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30 minutes ago, Peter St John said:

You'll can also note that Keith Boak, director of Rose / Aliens of London / World War Three (the first filming block of 2005) has never directed an episode of Who since.

 

And several scenes from Rose were remounted in later blocks with a different director.

 

There was also a whole thing with a stunt involving a burning sofa flying out of Henrik's department store. I've never read a definitive take on this but the two main narratives are either:

 

a) the director went ahead with it against the advice of H&S and put extras at risk, enraging both Chris and the producers.

b) the stunt was done but tape wasn't rolling for some reason, so huge amounts of cash was wasted.

 

Also, Phil Collinson and RTD have been frank about how out of their depth they were at the start of the shoot. The shooting schedule quickly became a tissue of lies; they were trying to make a style of programme that no-one had tried to make for years in the UK, with more episodes than the standard 6 or 8, practical effects, CGI, no standing sets bar the TARDIS etc. etc. By the end of the second day of shooting that first season they were, apparently, a fortnight behind schedule. And no doubt this was all gruelling for the crew as they tried desperately to make it work.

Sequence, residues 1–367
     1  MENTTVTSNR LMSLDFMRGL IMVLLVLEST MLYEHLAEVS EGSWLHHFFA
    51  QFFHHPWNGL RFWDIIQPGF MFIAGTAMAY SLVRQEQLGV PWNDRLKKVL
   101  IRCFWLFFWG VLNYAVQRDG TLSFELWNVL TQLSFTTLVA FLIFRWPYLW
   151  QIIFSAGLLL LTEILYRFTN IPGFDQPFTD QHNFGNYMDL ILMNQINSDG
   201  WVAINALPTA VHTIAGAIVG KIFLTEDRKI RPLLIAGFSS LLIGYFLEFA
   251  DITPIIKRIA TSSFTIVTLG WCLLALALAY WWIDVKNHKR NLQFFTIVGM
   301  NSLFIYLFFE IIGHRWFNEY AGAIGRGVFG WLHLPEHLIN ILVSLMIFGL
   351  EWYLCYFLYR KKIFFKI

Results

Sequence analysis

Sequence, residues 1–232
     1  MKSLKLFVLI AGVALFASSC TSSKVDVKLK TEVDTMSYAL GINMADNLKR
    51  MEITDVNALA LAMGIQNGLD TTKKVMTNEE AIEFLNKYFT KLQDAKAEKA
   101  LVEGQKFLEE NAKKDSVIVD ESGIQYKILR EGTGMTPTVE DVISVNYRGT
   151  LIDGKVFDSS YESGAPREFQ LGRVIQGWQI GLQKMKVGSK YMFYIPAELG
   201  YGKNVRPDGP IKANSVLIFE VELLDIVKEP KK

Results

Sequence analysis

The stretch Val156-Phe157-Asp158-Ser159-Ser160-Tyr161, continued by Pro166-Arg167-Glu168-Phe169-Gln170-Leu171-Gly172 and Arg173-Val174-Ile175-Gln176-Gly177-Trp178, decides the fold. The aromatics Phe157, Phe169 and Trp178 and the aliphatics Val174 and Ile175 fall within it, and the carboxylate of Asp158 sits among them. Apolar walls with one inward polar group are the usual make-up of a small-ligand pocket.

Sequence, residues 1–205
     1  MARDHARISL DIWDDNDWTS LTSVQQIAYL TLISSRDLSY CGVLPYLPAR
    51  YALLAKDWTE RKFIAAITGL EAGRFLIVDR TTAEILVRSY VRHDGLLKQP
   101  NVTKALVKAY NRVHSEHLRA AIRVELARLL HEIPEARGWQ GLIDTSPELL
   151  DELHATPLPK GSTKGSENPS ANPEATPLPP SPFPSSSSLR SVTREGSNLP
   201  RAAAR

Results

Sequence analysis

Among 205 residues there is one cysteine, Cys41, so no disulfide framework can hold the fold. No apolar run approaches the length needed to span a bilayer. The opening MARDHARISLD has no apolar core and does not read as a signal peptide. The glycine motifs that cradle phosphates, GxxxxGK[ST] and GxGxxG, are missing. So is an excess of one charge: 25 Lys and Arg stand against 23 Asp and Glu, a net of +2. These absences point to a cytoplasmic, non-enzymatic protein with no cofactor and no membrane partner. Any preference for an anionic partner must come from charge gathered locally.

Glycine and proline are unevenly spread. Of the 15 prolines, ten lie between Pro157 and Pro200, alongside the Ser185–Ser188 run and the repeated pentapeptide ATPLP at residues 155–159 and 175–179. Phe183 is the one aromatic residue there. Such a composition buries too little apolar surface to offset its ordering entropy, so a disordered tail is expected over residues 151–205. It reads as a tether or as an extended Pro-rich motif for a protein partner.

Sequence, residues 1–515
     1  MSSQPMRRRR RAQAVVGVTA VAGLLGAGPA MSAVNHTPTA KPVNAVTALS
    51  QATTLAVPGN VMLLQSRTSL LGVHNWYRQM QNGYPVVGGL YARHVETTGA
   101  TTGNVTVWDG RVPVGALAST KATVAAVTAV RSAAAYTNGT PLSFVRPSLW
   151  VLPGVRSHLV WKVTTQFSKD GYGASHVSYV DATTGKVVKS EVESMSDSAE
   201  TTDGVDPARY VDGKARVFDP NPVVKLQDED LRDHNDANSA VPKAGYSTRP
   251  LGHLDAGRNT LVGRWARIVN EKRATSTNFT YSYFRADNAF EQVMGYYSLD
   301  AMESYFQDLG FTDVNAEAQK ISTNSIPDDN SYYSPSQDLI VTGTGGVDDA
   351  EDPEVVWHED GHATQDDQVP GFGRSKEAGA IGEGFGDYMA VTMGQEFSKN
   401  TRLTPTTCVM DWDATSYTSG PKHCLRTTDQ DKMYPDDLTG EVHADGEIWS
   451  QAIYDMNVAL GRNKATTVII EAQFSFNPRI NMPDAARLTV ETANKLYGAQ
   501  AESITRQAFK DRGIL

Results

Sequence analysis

The upshot was that Phil Collinson had to keep going back to Chris and tell him that he'd need to get ready to work on different scenes to the ones they'd planned for. Which, when you're in every scene, and already working 14 hour days, can't be much fun. It's no surprise he didn't want to stay on. Of course, by the time they did the second season they knew what they were doing, but by then it was too late.

 

I also heard that Chris got on particularly well with Joe Aherne, which is why he ended up directing so many episodes that first year, as they hired him to do more so Chris would be happy. But I think they burned Joe out, which is why he never returned.